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Taking another look at the B.M. Ross report

There's a troubling contradiction in that B.M. Ross report on the Highway 174 sink hole. (See what happens when you release important documents late on a Friday? Journalists who were forced to rush their stories and limit their questions to "high level" have the whole weekend to go back for a second look at the details.)

Among the consultant's findings:

  • Based on the August, 2011 CCTV video alone, "it would not be possible to determine when the pipe might collapse."
  • "...the video image does not indicate well that almost two square metres of material had disappeared from the side of the pipe."
  • The video showed the pipe was still "circular...considering the condition of the pipe an emergency was not warranted" despite the severe corrosion that was clearly visible on the video.

B.M Ross describes the pipe as a "soil metal structure," which is to say the soil and the pipe act as two, interdependent parts of the same machine. The forces created by the loads above the pipe (such as road surface and traffic) are transferred to the surrounding soil. The stability of the entire structure depends on something called "ring compression," or the way the circular pipe interacts with the soil around it. "Loss of soil results in loss of stability. When combined with the loss of pipe strength through corrosion, there is definite potential for failure."

Anyone who's seen the CCTV footage has also seen the large voids in the clay behind the holes in the pipe. In fact, B.M. Ross suggests by the time the collapse occurred one year after the video was taken, those voids were even larger: "Following the failure, one of the Contractor's personnel who was working in the structure commented that the eroded pockets behind the pipe appeared to be larger than indicated by the image in the 2011 CCTV inspection."

B.M Ross draws the following conclusions:

  • "Consideration should have been given to ensuring that the soil erosion outside the pipe was not a concern and that further erosion did not occur,"
  • "The significance of the deterioration in terms of the structural integrity of the pipe was not known. The potential for soil erosion to continue and further weaken the structure was apparently not understood.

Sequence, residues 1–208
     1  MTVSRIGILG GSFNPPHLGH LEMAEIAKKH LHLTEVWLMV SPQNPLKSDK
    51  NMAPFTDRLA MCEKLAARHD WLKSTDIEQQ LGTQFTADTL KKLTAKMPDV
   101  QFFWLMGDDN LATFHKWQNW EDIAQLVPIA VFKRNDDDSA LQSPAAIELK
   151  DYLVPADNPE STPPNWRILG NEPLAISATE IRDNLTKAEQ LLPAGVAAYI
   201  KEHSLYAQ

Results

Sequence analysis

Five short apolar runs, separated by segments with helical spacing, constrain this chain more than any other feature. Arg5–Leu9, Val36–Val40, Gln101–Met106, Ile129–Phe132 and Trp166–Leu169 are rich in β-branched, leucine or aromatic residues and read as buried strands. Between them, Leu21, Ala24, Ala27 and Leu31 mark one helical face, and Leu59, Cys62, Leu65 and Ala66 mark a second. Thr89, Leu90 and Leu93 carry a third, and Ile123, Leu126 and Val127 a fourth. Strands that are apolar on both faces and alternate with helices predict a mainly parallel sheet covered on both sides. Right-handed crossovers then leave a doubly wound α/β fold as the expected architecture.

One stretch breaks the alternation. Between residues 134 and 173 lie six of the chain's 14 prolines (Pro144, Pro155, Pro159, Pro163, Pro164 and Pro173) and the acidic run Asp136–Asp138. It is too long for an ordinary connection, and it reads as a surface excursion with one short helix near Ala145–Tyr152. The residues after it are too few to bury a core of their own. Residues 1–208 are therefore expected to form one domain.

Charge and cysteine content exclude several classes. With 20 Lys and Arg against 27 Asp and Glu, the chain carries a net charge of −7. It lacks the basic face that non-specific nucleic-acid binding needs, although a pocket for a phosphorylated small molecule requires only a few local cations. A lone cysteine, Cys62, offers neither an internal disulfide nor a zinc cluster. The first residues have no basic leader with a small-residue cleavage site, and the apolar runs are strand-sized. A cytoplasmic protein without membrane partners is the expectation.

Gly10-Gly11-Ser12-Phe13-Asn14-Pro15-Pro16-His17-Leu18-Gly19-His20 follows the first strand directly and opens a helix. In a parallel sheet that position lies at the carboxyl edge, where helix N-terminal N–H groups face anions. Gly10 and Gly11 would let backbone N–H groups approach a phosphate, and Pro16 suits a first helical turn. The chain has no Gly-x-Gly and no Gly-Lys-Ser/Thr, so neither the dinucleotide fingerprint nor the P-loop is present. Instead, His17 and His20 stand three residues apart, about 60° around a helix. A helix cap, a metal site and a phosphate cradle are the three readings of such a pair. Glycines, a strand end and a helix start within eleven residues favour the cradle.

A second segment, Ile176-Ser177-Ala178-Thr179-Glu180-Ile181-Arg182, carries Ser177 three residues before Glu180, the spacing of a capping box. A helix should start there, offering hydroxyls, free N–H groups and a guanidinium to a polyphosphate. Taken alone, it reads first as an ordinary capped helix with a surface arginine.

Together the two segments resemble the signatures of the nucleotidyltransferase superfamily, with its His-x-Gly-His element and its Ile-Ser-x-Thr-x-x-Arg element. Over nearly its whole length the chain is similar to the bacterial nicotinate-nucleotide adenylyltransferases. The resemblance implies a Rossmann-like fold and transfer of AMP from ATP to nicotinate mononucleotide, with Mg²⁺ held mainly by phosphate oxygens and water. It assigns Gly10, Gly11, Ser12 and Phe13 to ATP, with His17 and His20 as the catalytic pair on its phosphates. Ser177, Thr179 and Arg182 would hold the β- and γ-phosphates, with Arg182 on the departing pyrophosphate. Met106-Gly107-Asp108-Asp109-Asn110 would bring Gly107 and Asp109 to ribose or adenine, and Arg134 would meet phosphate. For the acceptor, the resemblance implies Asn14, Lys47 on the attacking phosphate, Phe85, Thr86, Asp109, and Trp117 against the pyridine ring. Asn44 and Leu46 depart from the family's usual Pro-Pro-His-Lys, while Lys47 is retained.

• "Those who viewed the video did not appreciate the importance of protecting the native soil on the exterior of the pipe from erosion."
  • "We believe that individuals with experience in design and/or inspection of larger steel structures would have reacted differently."

So here we have a video which was reviewed by staff in three different offices the very day it was recorded. They clearly recognized there was an issue, because the very next day the City changed the work order from a routine headwall replacement to a complete re-lining. (Why it took the contractor a little over a year to get started is another question that deserved to be asked -- and answered -- last week.) But did they recognize the right issue? It seems none of the City's professionals understood what I found out showing the video to the first engineering professor who would talk to me: Soil erosion leads to structural failure, sooner rather than later.  

So while B.M. Ross notes on one hand that the timing of the collapse couldn't have been predicted by looking at those rusted gaps, he also concludes "although those who saw the CCTV video recognized the need for rehabilitation, they did not translate what they observed into potential instability that needed to be immediately investigated further and acted on." So it's not so much what that video didn't show; it's what was shown, but wasn't seen.


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